Could We Be Seeing The End To Speed Bumps?

Friday, 10. February 2017

Hi, Graham Hill here, thank you so much for visiting my blog, I hope you learn a lot and as a result end up driving a great car. In order to do so you can get all the information you need by buying my book, An Insider Guide To Car Finance or use me to finance your next car. Happy driving.

Let me ask you a question, what irritates you most? Pot holes, speed bumps or 20mph speed limits? For me there is little to choose but each of them has an affect on the way we drive with two meant to make roads safer and the other one simply slowing us down as we don’t particularly want to destroy our tyres and suspension.


Whilst you try to work out the one that destroys tyres I can tell you that speed bumps could be a thing of the past (hurrah and hurrah), to possibly be replaced by the wide use of 20 mph speed limits (damn, damn, damn). A report out at the end of last year by the National Institute for Health and Care Excellence (NICE) – yes I thought they only approved drugs also – suggests that local authorities do away with speed bumps as they lead to erratic driving which increases pollution.


As a replacement they have suggested variable speed limits and ‘no idling zones’. Statistically 64% of air pollution in urban areas is caused by road traffic costing the UK £18.6 billion each year. I wish they would explain that figure, I guess as it’s NICE they mean in consequential health issues but how do they prove that it’s not down to the sufferer’s lifestyle or place of work?


Anyway, moving on, they want to stop idling in certain areas but this has also caused me concern. You know the old strip lights that are still used in open areas, offices, kitchens etc.? Well I remember reading somewhere that if you turned one of these lights off then switched it back on a little later the starter used up more electricity than if you had left the light on for over 2 hours (can’t remember the exact time), so my point here is could the same principal apply to stop start engines that are meant to reduce pollutants into the atmosphere?


Could constantly starting the engine kick out more CO2’s and other noxious gasses into the atmosphere than simply leaving the engine ticking over? Just a thought – but a very good one Graham I hear you say. I digress. They suggest that 20mph limits be introduced in areas of regular congestion and drop motorway speed limits to 50mph in order to create steady traffic flow.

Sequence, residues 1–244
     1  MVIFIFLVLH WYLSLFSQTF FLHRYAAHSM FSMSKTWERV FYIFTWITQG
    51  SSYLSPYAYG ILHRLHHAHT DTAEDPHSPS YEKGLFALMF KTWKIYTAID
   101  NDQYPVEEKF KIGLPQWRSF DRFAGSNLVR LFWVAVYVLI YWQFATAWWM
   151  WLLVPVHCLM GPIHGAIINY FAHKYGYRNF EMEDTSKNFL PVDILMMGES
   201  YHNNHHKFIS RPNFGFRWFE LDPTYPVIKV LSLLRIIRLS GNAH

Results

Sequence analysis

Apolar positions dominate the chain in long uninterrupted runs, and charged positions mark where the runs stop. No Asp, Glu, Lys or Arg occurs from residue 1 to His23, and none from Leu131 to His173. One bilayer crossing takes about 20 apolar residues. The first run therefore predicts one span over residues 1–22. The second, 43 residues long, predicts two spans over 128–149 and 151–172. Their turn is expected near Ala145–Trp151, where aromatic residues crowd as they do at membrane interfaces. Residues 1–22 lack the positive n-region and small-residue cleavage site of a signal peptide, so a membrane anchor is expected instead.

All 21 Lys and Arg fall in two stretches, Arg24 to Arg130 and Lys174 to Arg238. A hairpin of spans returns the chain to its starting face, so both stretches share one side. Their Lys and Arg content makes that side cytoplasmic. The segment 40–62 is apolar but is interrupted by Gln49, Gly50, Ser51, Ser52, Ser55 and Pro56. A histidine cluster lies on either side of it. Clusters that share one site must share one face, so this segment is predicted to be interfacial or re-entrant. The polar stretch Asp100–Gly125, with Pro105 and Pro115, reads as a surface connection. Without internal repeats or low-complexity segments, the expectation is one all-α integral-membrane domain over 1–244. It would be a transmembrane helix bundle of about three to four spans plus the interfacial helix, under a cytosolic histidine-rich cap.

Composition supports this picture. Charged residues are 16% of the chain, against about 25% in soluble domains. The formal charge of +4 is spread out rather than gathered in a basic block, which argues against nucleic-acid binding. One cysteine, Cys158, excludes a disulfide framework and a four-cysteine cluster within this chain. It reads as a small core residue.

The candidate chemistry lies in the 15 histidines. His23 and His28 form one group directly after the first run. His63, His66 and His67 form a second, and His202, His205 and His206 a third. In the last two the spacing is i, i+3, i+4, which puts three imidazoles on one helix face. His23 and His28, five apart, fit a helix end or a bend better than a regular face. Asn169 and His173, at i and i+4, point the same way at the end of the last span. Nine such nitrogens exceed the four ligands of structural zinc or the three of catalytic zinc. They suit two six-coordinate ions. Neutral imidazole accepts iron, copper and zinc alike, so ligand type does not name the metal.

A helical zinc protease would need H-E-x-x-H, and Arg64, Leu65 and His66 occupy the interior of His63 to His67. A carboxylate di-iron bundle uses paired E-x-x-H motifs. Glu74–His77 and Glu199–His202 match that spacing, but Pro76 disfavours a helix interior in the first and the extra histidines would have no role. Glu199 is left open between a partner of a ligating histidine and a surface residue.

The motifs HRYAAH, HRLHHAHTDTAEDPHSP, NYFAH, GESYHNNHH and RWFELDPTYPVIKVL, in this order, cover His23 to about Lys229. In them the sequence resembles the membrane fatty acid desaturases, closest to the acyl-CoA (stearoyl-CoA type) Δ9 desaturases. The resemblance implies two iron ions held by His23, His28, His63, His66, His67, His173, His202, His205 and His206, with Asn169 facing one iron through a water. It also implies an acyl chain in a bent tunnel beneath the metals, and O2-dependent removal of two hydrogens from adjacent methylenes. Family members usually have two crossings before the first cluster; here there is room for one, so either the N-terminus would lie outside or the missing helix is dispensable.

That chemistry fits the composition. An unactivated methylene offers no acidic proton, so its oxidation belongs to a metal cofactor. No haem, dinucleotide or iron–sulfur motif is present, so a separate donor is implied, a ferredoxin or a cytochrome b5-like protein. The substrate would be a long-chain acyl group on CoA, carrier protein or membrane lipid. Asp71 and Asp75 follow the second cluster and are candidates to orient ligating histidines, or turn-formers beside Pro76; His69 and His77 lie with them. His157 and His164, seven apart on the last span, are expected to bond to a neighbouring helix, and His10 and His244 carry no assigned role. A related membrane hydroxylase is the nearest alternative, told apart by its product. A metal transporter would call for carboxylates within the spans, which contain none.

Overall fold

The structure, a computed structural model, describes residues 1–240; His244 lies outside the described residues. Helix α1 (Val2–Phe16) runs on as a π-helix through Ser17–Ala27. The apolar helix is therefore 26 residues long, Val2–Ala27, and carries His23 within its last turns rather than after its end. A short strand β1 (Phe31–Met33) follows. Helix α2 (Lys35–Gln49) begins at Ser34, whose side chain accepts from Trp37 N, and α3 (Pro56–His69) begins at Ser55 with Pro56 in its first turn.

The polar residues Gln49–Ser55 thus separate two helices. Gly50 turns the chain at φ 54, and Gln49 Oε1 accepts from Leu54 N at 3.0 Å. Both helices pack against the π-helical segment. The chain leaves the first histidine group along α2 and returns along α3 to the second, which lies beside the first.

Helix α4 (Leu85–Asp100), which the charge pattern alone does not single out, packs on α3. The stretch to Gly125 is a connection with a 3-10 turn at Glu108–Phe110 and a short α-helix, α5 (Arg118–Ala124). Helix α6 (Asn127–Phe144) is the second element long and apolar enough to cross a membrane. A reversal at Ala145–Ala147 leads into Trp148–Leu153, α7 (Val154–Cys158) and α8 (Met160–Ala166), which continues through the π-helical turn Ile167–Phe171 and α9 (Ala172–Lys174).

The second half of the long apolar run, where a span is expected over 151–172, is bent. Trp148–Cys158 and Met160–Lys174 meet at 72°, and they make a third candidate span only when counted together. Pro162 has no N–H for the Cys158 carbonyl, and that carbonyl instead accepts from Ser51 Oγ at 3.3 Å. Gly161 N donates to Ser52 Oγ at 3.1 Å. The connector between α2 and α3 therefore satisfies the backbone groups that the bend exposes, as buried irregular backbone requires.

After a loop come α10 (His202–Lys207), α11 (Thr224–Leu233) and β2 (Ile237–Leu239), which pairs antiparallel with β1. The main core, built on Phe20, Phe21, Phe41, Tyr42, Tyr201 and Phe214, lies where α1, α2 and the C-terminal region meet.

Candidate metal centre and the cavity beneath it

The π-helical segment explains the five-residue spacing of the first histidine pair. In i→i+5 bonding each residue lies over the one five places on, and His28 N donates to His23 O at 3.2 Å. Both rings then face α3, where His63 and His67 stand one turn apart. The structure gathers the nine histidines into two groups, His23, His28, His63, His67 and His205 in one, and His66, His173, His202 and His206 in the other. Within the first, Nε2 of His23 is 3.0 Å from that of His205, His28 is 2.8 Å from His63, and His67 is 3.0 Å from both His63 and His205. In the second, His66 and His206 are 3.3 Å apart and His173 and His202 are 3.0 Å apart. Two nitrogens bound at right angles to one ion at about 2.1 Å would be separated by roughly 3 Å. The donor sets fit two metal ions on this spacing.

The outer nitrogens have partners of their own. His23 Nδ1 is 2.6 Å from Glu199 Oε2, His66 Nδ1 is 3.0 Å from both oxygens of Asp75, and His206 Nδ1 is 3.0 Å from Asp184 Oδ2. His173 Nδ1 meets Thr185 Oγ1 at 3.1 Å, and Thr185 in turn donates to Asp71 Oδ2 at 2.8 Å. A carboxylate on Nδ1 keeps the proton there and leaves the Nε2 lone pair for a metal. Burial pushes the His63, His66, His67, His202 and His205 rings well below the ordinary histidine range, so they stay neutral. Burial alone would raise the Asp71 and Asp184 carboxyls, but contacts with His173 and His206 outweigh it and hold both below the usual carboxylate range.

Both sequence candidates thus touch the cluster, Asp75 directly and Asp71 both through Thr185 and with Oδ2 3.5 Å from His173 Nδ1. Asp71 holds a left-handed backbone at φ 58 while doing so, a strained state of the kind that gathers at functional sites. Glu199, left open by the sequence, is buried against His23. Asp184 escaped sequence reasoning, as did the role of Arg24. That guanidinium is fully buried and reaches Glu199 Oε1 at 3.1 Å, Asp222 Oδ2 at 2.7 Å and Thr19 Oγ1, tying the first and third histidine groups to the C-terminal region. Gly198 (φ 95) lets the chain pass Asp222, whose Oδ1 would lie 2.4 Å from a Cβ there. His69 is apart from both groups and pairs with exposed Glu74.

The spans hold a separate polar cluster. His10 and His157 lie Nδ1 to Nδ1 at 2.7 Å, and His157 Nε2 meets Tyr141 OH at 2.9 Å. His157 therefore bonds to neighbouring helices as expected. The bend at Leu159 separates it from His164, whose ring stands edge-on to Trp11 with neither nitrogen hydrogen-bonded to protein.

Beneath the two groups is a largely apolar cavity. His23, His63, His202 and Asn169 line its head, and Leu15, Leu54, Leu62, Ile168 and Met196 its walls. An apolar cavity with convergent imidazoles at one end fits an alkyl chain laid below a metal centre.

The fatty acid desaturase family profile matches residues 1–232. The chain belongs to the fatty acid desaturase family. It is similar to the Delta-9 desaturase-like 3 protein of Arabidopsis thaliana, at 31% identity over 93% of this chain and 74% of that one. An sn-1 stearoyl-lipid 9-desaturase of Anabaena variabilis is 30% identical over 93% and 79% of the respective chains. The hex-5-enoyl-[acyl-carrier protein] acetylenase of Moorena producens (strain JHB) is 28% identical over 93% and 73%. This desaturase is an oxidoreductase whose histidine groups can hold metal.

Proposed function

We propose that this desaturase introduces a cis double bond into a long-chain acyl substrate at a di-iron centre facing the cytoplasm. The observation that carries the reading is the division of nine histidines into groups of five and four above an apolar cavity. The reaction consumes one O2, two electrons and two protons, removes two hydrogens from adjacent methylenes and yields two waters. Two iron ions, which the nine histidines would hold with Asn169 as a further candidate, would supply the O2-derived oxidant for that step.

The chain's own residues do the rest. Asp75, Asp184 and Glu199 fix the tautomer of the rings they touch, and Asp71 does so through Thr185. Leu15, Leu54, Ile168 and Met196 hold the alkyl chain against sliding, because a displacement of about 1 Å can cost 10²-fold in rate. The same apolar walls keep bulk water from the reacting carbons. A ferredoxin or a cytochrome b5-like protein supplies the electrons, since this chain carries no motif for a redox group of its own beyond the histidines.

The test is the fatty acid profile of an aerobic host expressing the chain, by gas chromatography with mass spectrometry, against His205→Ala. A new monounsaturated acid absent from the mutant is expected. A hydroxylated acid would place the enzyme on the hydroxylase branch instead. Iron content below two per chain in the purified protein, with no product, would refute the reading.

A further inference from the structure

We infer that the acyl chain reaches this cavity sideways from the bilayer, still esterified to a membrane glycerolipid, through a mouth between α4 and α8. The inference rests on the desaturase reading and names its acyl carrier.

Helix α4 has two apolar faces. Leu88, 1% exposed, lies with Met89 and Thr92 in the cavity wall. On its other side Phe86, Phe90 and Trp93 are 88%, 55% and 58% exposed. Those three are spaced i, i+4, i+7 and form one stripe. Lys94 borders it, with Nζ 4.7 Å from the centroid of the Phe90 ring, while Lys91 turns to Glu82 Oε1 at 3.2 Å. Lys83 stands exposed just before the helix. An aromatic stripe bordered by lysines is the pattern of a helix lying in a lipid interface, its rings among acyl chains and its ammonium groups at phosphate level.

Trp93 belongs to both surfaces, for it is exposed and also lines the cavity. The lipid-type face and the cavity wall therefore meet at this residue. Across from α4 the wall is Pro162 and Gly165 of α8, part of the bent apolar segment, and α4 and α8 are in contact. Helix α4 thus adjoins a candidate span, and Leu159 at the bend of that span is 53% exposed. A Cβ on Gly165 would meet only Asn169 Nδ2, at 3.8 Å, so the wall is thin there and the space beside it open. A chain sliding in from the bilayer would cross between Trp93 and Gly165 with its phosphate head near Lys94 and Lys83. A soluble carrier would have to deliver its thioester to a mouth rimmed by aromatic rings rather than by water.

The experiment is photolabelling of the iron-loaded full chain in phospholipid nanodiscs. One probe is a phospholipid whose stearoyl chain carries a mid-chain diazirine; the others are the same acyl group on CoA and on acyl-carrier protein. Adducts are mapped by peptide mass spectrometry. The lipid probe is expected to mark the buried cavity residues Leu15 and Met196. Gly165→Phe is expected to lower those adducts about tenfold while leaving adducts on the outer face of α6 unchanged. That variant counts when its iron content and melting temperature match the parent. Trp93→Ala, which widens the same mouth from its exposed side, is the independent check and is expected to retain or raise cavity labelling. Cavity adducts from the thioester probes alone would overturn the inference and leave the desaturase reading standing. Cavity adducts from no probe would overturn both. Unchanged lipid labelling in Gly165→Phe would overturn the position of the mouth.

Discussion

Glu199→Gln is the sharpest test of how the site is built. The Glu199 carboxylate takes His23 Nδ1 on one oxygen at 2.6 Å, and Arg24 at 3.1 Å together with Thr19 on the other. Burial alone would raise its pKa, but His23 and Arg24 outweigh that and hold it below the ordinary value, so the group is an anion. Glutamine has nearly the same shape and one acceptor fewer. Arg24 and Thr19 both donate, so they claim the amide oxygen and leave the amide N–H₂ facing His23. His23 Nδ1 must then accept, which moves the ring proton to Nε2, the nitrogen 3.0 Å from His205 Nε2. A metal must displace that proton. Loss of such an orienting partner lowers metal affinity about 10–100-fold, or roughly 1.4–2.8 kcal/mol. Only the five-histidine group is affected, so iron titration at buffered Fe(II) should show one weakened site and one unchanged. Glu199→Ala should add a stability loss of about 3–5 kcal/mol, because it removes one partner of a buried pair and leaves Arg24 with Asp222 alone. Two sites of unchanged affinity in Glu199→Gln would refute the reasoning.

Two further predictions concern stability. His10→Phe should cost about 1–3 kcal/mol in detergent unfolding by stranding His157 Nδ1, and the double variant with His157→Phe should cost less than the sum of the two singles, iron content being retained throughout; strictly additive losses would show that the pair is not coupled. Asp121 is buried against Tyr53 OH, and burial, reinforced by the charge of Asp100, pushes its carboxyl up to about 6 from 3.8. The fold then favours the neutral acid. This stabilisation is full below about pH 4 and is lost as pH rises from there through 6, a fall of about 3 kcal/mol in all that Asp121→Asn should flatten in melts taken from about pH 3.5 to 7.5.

They recommend the wider introduction of congestion charging and laws to prevent parents from leaving cars idling whilst delivering children to school. I’d have thought a gentle tip off in the local hooligans’ shell likes should solve that one! Other rather entertaining proposals suggest new houses with living rooms at the back of the house, furthest away from roads (umm what about bedrooms?), car free days for some areas and siting cycle lanes away from main roads.


I’m all for saving the planet but do these people really think these things through? To avoid congestion in the centre of town during the rush hour won’t be solved by introducing a 20mph speed limit when you are lucky to achieve 3 mph on a good day. Still removing road humps will be a good start as far as I, and most Ferrari divers, are concerned. By Graham Hill

Government To Remove Central Lane Markings

Friday, 26. February 2016

I recently reported that the Government is planning to scrap large numbers of sets of traffic lights as they seem to slow down traffic flow rather than improve it. Taking things one step further Transport for London (TfL) have been experimenting with removing central lane markings on busy streets around Croydon and Haringey.

Studies carried out during the experiment has shown that average speed has reduced by 13%. They have concluded that fewer road markings improve safety by making drivers more cautious and aware of their surroundings. The report stated that it has been found that a drop in average speed of just 1 mile per hour is associated with a 5% reduction in accident frequency.

TfL is not the only authority to remove centre lines. Apparently similar schemes have been introduced in Norfolk, Wiltshire and Derbyshire. In fact in Norfolk, Tracy Jessop, assistant director for Highways and Transport at Norfolk Count Council, said ‘We’ve been removing centre white lines for at least 15 years in locations that have the right characteristics and where there is community support.’

Personally, like Paul Watters, head of roads policy at the AA, I think this is a dangerous move. When you drive along a road and you see bits of tree strewn all over the place you sense danger and slow down accordingly, the same would apply if suddenly you had no guidance as to where the centre of the road is, people don’t slow down because the road is safer, they slow down because they sense danger – in this case not without reason. By Graham Hill